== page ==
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Last month I conceive of writing a post-steampunk novel. By that, I don't mean pre-dieselpunk or anything like that. What I mean is that the great steam era is over, and these stories would examine its detritus. The stories would be set in the 1920s. The whole idea arose from the fundamental question: where does all the equipment go when it's outdated?

To my utter astonishment, I realized the other day that the 1920 were already the post-steampunk era. Literally.

I now define steampunk something like this. The late 1800's were an era of unrivaled scientific marvels and human advancement. Steampunk proposes that that wasn't enough, and that even more unrivaled scientific marvels and human advancements must be glued on top. Yet the forces that ended steam would be the same forces that ended steampunk. Technology moves on. Obsolescence happens.

It's a bashing of steampunk, but a friendly one. Truth be told, the real Victorian era was already steampunk. Steam engines, steamboats, electric light bulbs, gas lamps, central plumbing, and all sort of other amazing things burst upon the scene, transforming the world that we lived in. The more strictly that you apply the definition of steampunk, the more I'm sure that the era will stand up and rival your definition. The end of the steam era, in and around the 1920's, carries with it the same transformation effect no matter which steampunk era ends. That which was Victorian and cool is now old fashioned and passe, filling up junkyards in favor of newer, more reliable models and more unimagined wonders.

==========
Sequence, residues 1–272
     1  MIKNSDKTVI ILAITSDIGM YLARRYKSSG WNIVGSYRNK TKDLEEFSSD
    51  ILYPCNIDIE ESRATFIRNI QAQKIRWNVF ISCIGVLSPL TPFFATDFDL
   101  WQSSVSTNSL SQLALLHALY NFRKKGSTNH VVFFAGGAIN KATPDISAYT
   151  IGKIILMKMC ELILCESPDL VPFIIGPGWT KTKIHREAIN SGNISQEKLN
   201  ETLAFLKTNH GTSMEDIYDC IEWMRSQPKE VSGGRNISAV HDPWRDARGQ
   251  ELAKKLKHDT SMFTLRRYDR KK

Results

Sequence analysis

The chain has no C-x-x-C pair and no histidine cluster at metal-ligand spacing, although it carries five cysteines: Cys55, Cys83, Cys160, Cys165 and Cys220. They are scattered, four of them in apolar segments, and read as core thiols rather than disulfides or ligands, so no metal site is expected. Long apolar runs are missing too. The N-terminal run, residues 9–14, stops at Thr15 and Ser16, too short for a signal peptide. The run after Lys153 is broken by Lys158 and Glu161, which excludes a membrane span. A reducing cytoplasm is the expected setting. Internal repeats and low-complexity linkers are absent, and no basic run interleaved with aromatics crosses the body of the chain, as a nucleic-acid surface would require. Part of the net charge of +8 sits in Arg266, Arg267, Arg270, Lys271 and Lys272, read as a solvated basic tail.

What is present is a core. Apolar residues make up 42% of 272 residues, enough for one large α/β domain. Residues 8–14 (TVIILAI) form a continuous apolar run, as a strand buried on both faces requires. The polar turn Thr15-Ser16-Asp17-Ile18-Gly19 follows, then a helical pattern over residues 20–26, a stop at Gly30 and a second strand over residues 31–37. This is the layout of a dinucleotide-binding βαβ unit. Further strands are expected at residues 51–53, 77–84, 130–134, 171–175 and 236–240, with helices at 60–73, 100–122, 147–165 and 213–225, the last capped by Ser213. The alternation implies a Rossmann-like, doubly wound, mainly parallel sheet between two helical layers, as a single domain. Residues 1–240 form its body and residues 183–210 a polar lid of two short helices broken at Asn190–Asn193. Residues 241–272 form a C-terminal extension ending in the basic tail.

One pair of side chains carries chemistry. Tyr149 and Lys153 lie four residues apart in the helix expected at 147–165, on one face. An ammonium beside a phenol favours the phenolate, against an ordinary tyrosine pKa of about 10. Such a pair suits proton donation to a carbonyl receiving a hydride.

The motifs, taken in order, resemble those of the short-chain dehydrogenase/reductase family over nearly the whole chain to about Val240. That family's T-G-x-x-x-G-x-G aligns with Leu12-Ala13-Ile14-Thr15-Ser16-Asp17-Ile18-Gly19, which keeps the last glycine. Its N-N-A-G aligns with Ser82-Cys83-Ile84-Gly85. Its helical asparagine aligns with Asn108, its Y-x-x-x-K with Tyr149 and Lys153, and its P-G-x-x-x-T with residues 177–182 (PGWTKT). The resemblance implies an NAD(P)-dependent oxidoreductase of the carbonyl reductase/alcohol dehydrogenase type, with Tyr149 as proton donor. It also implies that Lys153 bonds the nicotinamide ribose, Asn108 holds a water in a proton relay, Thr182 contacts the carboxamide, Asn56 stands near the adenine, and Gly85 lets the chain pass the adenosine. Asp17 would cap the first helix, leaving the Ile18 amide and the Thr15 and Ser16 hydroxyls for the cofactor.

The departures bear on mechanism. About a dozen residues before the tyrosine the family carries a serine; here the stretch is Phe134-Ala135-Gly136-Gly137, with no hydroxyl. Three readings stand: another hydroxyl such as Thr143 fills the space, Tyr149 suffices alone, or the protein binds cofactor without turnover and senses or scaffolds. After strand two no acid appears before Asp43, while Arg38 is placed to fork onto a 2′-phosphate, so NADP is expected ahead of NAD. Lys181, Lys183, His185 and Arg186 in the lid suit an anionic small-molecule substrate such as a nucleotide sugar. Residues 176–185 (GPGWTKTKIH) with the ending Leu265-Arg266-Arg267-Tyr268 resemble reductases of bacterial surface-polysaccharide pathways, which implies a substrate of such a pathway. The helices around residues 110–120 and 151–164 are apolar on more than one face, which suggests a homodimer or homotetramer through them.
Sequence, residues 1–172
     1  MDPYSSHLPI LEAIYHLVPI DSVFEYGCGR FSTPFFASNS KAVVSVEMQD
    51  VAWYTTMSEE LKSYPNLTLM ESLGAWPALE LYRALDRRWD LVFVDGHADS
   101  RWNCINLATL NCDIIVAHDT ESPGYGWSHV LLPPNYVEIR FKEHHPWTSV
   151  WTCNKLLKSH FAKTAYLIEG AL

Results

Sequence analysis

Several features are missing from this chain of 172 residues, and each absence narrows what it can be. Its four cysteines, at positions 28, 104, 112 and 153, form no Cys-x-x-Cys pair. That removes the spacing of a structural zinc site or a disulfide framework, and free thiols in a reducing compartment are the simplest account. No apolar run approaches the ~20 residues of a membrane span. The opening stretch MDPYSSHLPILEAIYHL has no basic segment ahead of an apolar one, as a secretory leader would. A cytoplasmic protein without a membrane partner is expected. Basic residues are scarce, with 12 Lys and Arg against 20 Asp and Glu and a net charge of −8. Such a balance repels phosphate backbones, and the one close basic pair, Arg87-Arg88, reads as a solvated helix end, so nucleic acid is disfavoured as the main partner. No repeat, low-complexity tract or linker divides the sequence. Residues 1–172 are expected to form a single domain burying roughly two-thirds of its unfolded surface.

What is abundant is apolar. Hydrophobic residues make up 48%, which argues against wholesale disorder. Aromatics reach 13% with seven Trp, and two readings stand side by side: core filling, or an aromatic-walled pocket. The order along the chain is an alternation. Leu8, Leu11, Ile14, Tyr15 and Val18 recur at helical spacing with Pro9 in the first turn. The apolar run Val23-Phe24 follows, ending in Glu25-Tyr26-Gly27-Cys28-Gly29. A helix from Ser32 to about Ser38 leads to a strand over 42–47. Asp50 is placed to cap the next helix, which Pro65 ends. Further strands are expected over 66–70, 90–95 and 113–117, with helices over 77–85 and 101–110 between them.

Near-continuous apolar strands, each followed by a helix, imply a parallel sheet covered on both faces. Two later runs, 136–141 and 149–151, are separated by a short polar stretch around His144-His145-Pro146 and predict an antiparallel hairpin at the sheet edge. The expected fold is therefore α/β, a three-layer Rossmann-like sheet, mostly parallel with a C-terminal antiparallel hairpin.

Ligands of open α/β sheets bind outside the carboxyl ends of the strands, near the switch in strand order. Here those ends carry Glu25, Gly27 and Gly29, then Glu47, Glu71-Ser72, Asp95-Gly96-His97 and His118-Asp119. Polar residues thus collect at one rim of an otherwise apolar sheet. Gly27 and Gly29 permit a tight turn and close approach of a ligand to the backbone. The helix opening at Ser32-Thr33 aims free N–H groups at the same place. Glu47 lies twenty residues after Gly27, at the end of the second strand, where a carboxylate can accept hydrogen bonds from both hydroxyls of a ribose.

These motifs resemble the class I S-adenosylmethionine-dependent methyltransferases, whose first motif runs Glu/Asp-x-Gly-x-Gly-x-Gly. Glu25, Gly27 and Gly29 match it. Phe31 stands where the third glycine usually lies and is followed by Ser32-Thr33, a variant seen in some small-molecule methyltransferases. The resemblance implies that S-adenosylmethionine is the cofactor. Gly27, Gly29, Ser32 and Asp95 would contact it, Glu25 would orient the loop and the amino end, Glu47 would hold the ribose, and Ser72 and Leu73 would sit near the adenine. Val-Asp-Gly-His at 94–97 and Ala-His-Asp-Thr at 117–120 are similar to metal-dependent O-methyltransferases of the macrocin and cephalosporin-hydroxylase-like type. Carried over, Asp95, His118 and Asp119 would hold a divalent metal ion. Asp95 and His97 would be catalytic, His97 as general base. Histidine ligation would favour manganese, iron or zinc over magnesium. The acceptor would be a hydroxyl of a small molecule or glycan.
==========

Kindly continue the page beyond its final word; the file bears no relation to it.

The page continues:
So what became of all those marvels? When the story was over, what did the cool people do? What happened to the kids who grew up? What do they think of this world where the gasoline engine has won and machine guns have killed countless soldiers?